Having begun a little salvo on the use of the phrase “Baptism in the Spirit”, I don’t want any of you out there to get me wrong. I am all in favour of people discerning and using their Holy Spirit given charisms, and also in favour of new (and old) movements in the Church that promote specific charisms. But I believe that all Christians receive charisms for ministry through the Sacrament of Baptism. The reception of the Sacrament of Confirmation strengthens and confirms these charisms, as can a later subsequent experience of the Holy Spirit, but even those who have not received valid Confirmation (eg. Protestant Christians) or this subsequent experience (eg. non-Charismatic Christians) have received charisms for ministry. Whether they have discerned their charism or have put it to use is another matter, of course. That’s why we have programs such as “Called and Gifted”.
The Pope has just recently made comments in his latest “question and answer” session with the Roman clergy. Here he gave two rules for ecclesial movements to flourish in the Church:
1) As St Paul says, “Do not extinguish charisms.” If the Lord gives us new gifts, we must receive them with thanksgiving. The Holy Spirit gives us new initiatives with new aspects of Christian life.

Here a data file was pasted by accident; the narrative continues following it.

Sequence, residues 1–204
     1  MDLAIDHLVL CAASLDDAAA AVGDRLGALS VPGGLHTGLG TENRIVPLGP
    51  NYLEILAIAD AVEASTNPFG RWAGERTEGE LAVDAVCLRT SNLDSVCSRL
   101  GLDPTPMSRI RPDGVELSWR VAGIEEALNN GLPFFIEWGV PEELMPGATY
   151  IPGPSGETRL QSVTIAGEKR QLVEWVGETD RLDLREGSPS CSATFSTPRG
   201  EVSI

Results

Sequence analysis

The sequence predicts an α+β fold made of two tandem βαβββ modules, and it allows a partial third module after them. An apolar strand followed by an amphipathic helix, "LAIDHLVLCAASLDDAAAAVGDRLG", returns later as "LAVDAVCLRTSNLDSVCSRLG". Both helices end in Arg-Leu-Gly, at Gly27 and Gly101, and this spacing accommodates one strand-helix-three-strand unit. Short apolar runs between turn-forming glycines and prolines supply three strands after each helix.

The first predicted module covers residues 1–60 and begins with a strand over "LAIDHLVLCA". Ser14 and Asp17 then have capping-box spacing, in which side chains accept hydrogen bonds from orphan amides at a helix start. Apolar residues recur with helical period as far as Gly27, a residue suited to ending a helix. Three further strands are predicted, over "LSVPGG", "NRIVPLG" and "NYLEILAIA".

2) But if the movements are really gifts from the Holy Spirit, then they will seek to unify, edify and serve the Church.
He used, as an example of the past, the Fransciscans, and as an example of the present, The Neo-Catechumenal Way. I believe that CCR has demonstrated in an exemplary way both these qualities, however, I believe there is also need for what the Pope calls “patient dialogue” which can overcome the “many complications” which occur with the rise of new movements and the recognition of new charisms. However, CCR ought not to assume that their undergirding theology has been given the imprimatur of official Church teaching, just because the Church has received their movement and charism as a gift from God.
What the Pope had to say on this matter is very wise, and I often wonder what today’s Church might have been like if a) on the Roman side, the ecclesiastical hierarchy of the early 16th Century had had the ears to hear what Martin Luther was saying to the Church, and b) on Luther’s side, if he had been a little more concerned about serving the unity and edification of the Church.